Doctors Persaud and Luzuriaga, Featured on Time Magazine’s “100 Most Infuential People” List
You’d be hard-pressed to find medical professionals whose work is more celebrated and in the spotlight right now than Deborah Persaud, MD and Katherine Luzuriaga, MD. This year, in recognition of their groundbreaking work on what has been called the “Mississippi baby” study – the first documented case of a functional HIV cure in an infant – the doctors have been named to Time Magazine’s “100 Most Influential People” list.
Dr. Persaud is a pediatric infectious disease specialist at The Johns Hopkins University and a 2005 recipient of the Elizabeth Glaser Scientist Award (EGSA), while Dr. Luzuriaga is an immunologist at the University of Massachusetts and an EGSA winner from 1997.
When Dr. Persaud approached the podium to present her findings at this year’s Conference on Retroviruses and Opportunistic Infections (CROI), she could not have imagined the impact of her 20-minute presentation. In the weeks since the media erupted with news of a possible cure for HIV, Dr. Persaud and Dr. Luzuriaga have been catapulted to worldwide fame and recognition, as has Hannah Gay, MD, a research colleague on the study.
Commenting on the work of the three doctors, Global Fund Executive Director Mark Dybul captures the enormous impact their research will have in the effort to create an AIDS-free generation. “We scientists are trained to be careful about generalizing about one case. Yet, this result gives us more ammunition in the fight against HIV and AIDS. It adds substance to our conviction — not yet proven but heading in the right direction — that we can prevent this disease from infecting newborn babies.” Dr. Dybul was tapped to head the Global Fund in 2012, and was previously a member of EGPAF’s Board of Directors.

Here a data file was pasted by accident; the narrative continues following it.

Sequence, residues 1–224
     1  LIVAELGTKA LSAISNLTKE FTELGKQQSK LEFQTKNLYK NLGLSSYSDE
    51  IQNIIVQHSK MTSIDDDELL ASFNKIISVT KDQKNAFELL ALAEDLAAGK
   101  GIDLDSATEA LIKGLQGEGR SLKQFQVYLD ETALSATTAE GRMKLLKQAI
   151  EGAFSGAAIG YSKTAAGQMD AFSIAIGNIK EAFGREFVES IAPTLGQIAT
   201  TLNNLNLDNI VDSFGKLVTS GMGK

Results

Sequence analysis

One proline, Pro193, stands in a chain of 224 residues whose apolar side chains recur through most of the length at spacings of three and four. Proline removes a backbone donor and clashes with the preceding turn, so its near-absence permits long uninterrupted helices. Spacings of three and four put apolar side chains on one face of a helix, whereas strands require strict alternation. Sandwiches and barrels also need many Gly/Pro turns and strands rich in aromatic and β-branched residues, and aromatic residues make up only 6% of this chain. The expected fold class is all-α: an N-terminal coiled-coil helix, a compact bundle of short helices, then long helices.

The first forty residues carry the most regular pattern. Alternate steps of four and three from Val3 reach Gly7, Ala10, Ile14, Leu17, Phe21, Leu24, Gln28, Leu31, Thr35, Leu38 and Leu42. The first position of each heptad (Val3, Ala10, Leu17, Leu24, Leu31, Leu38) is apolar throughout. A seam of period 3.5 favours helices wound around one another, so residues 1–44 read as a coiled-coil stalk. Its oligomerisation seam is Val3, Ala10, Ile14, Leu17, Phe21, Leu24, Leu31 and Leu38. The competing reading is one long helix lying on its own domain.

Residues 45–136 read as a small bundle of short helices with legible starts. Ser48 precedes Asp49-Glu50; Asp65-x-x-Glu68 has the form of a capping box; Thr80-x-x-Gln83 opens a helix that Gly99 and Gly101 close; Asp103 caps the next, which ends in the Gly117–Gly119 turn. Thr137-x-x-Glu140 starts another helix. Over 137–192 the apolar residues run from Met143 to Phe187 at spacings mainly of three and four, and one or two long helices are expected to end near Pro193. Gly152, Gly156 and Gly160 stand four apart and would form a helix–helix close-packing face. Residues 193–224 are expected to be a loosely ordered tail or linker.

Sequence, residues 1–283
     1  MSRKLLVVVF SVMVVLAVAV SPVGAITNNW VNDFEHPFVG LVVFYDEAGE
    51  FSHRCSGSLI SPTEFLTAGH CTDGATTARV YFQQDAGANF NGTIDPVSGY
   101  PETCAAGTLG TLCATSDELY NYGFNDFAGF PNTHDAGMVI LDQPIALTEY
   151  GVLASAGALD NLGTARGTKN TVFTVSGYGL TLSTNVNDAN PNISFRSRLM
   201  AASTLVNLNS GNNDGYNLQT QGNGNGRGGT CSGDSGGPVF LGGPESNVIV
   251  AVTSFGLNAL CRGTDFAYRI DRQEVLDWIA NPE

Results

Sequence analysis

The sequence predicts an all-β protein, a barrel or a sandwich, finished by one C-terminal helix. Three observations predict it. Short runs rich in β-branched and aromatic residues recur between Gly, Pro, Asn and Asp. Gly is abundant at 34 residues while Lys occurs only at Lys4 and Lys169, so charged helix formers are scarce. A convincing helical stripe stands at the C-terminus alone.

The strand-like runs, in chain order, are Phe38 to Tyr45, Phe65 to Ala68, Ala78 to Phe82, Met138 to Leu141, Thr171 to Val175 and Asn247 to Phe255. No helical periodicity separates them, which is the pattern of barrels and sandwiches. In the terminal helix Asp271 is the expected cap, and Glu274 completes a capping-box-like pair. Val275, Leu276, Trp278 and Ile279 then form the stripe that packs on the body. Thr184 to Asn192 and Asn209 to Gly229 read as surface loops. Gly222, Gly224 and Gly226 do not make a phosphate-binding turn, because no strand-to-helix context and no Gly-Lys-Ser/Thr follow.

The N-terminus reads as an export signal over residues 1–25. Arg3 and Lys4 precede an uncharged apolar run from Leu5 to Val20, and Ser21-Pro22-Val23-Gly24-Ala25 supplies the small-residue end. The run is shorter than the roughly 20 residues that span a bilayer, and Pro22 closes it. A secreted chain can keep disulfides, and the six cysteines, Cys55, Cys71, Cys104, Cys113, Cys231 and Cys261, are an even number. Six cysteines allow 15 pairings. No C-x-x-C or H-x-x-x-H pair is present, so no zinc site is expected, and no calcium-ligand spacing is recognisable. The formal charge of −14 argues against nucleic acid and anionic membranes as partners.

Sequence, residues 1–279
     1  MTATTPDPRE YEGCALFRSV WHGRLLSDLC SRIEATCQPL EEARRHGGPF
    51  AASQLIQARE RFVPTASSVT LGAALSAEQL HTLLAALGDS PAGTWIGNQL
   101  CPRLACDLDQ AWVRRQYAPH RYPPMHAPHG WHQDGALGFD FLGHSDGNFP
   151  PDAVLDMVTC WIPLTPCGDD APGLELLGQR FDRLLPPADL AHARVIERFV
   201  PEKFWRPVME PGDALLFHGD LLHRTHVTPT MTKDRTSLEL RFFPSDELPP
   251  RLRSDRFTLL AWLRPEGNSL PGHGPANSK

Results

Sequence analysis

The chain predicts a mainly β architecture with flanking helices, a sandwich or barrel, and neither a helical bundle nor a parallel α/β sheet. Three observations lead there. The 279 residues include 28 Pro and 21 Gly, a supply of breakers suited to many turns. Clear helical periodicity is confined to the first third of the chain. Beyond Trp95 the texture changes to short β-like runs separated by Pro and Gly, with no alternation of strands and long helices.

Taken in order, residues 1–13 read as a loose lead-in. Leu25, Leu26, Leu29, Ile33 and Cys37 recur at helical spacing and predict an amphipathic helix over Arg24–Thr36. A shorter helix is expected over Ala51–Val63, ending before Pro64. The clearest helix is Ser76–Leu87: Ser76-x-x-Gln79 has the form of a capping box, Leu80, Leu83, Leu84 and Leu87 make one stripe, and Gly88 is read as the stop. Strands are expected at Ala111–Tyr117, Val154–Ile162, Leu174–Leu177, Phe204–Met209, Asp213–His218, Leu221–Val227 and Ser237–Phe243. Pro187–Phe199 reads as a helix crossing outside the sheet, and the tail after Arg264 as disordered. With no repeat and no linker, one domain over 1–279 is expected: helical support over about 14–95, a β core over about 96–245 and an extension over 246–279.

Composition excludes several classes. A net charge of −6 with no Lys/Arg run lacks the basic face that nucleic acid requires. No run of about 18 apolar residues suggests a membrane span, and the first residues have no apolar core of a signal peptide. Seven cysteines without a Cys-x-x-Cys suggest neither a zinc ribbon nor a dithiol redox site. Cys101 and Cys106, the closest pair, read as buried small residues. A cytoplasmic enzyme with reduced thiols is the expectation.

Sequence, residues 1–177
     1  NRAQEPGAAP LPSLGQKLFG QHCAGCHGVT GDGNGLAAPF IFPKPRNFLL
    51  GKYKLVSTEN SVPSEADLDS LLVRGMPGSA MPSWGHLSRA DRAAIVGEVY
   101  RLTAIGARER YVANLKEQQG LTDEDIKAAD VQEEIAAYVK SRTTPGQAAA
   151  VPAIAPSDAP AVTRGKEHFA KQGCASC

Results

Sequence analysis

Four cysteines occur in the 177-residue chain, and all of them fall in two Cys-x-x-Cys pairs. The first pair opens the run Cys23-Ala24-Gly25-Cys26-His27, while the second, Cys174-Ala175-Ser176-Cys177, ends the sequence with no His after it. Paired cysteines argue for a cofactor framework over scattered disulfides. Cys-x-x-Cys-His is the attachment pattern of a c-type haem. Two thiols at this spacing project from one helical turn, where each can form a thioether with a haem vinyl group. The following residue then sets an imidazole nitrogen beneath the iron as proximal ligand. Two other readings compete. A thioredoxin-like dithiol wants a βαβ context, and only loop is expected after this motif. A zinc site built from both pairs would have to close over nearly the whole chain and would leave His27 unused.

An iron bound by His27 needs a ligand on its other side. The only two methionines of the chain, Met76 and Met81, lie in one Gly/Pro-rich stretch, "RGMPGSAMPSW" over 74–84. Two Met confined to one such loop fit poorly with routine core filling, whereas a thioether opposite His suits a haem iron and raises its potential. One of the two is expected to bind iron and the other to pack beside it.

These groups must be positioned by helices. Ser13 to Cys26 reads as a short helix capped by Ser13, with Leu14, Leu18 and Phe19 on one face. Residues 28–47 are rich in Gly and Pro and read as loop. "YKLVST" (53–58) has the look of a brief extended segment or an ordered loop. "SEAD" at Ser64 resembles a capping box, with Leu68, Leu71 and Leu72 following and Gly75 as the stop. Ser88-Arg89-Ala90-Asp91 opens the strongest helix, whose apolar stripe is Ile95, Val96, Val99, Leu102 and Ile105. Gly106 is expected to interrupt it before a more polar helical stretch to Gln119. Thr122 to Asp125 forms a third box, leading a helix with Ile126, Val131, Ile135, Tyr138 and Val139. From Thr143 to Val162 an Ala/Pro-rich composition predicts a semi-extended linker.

While researchers across the country attempt to place the revelation of a “functional cure” for HIV into context, Dr. Persaud is finalizing plans to move forward with a clinical trial of her early intervention method.
In an interview with EGPAF earlier this year, Persaud acknowledged the impact her research could have worldwide, but admitted to being stunned by the response to the news. “We did not anticipate the media attention,” she said. ”We really have to move very quickly to move this into the field. This has huge implications for treatment of HIV-infected infants globally.”
Already a leader within the field of pediatric HIV, Dr. Persaud pioneered the use of special hyper-sensitive tests to detect extremely low levels of HIV. In 2005, she received the EGSA for her research into detecting remission of HIV in young children.
Despite her recent fame, Persaud says she will always consider herself a clinician first, and continues to focus on eliminating pediatric HIV in the hopes of one day achieving a generation free of HIV and AIDS.
Time Magazine unveiled the official “100 Most Influential People” list on April 20. The list includes U.S. Vice President Joe Biden, activist Malala Yousafzai, and actress Jennifer Lawrence. Congratulations to Drs. Gay, Luzuriaga, and Persaud on being named to the list – and for the landmark research that put them there!
Chelsea Bailey is Communications Assistant for the Foundation, based in Washington, DC.